The Liturgy of the Hours

“The mystery of Christ, his Incarnation and Passover, which we celebrate in the Eucharist especially at the Sunday assembly, permeates and transfigures the time of each day, through the celebration of the Liturgy of the Hours, ‘the divine office.’”

-Catechism of the Catholic Church

While the Liturgy of the Hours is still an important piece of the official prayer life of the Catholic Church, it seems safe to say that most people, if they are familiar with the Hours at all, associate them with the monastic culture that flourished across Europe throughout the Middle Ages.

From Song of Toledo:

“When he arrived at the monastery, Pelayo’s life changed almost completely. From constantly working alongside his father and, more significantly, rarely setting foot in a church, it seemed now he never left the small chapel that sat along the stream running through the monastery grounds. He had once thought going to church meant, at most, taking some time on Sunday. What Pelayo had never known until he came to Morela was how often some people – those who had decided to separate themselves from the world in order to dedicate themselves as fully as possible to the praise of God – actually interrupted their daily lives in order to turn and face Him.

Six times during the day and once in the middle of the night- at the Liturgy of the Hours — the brothers’ work, rest, or reflection were all interrupted so that they could come together in the chapel to pray and sing. It was the singing that Pelayo at first found strange, but he soon became fascinated by it. Or, perhaps more to the point, he became increasingly aware of how opening his mouth to sing somehow made him feel as if he were reaching out his hands to a person he could not see. While no single brother taught Pelayo how to sing, the brothers collectively showed him that the mystery and joy of song lay at the root of the life they shared. Not that their communal life revolved simply around singing. Rather, it revolved around worshipping and working for God, but that worship came most predominantly in the form of voices raised in song.

Each of the Hours —Matins, Lauds, Terce, Sext, None, Vespers, and Compline — brought its own unique opportunity to sing praise to God’s name. In part, Pelayo was sure, it was simply that the shifting light of the day changed the atmosphere in the chapel, and that he and the brothers would bring a fresh set of hopes and concerns to offer up to God as the day wore on. But he came to see that there was more to it than just that. Each part of the day, Brother Domingo had taught him, brought new temptations, new opportunities perhaps to grow rebellious and resentful of the work before them, or to be excessively slighted by the words or actions of a neighbor, or to encounter more moments when they had to remind themselves of God’s love because, for one reason or for countless reasons, someone might again be falling prey to the doubt that God even existed. In other words, throughout each day Pelayo was repeatedly reminded of his need to be converted yet again, fully mindful of the fact that, indeed, he would need to be converted again the next day.

He had to admit, at first, it seemed rather strange to have the day interrupted so frequently so that they could all crowd into the small stone chapel next to the stream and sing. It was not a grand building. Rather, it was only a small, rectangular room with two rows of benches stretching along either side. At the front, on the wall behind an altar of piled, flat stones, hung a coarsely carved, wooden cross that stretched nearly from the floor to the ceiling. Nailed to that cross was an equally coarsely carved representation of the Lord, whose arms covered half the span of the wall. Thick and dark, in the dimly lit chapel the crucifix seemed at first a gloomy, foreboding presence, but Pelayo came to see that his first impression was merely a transitional one. While he had seen crucifixes before, there had certainly never been one in the hut where he had lived with his father. Now, to come in contact several times a day with a figure that was so looming and prominent was to be affected time and again by a host of new and unfamiliar considerations.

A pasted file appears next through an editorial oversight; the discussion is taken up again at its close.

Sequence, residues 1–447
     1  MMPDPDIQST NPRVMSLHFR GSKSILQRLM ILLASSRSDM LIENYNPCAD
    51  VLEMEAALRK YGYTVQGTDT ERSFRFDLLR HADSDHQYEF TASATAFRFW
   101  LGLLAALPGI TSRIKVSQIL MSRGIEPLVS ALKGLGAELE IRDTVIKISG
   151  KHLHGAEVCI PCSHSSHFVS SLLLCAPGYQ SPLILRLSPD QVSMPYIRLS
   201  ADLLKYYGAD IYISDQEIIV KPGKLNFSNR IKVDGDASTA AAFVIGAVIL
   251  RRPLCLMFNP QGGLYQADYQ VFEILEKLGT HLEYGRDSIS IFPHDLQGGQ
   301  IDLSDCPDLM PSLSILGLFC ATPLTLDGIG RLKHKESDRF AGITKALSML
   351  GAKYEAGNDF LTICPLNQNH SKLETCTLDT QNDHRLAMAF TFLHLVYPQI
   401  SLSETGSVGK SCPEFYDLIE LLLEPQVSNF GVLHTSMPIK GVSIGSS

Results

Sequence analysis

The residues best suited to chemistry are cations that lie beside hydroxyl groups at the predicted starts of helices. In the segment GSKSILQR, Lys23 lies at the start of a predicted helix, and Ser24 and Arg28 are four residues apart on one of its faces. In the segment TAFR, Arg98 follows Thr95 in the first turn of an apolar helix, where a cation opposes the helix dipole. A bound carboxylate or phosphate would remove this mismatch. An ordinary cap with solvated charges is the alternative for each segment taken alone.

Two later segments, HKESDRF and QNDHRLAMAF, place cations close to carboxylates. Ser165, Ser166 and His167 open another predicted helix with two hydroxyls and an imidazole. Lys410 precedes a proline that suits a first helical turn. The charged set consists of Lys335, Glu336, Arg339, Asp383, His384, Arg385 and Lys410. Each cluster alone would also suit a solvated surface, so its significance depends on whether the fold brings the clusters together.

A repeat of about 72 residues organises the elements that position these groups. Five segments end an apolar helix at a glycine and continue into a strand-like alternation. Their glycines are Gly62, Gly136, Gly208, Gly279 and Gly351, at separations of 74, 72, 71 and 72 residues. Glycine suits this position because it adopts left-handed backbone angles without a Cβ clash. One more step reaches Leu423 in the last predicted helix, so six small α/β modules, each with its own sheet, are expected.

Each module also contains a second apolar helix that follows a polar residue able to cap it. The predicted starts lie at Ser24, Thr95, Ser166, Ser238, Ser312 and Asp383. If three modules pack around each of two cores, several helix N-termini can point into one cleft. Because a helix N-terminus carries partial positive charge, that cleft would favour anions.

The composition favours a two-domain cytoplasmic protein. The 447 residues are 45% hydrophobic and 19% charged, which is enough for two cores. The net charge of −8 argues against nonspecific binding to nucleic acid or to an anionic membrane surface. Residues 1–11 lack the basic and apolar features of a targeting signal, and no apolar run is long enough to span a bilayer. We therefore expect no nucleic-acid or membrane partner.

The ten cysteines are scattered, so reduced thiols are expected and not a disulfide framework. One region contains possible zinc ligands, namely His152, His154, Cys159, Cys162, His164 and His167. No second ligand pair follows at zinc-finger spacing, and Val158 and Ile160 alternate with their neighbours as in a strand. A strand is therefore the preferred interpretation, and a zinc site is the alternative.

Over time, Pelayo decided that God’s divine presence was most apparent at Matins, which the brothers sang in the middle of the night. At night, with only a single candle to light their way, they made their way from the dormitory to the chapel, and it was in that darkness that Pelayo began to believe that he could actually feel God close to him. At Matins, he felt unimpeded by the sensations of the monastery’s daily routine or by any part of the world around him, by the brothers passing by in silence, the cold in his room, or the relative bustle of the Chapter, the period each day when the brothers met to discuss the monastery’s business. When they sang at night Pelayo stared into the near darkness, and somehow, he felt that God was looking back. He felt God in the coolness against his skin, in each breath his lungs inhaled, in the warm sleeves of his cowl as he sat with his hands clasped in prayer. The distractions of the day were cloaked by the night, and it was at night when he joined the other monks in song that he knew that he was closest to the Almighty.”

Despite its medieval (and earlier) roots, monastic chant is still alive and well today.

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